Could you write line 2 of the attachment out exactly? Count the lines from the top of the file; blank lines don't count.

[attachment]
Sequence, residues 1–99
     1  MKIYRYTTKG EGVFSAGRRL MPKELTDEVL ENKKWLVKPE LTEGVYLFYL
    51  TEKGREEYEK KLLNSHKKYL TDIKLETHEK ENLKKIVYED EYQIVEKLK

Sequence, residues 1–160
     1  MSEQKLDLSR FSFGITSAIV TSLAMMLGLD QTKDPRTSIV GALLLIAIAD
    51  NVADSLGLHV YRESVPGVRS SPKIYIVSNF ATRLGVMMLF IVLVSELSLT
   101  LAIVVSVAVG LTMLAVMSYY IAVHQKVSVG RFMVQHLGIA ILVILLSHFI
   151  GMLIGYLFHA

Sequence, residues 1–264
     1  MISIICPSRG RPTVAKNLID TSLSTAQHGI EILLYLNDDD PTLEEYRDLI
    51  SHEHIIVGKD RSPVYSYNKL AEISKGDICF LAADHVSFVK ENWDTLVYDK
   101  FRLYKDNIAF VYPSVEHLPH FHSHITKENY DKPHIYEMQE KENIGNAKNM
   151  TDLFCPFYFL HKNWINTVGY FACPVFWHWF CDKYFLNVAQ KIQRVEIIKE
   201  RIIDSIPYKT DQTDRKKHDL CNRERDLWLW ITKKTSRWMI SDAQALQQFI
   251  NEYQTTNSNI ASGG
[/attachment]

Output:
     1  MKIYRYTTKG EGVFSAGRRL MPKELTDEVL ENKKWLVKPE LTEGVYLFYL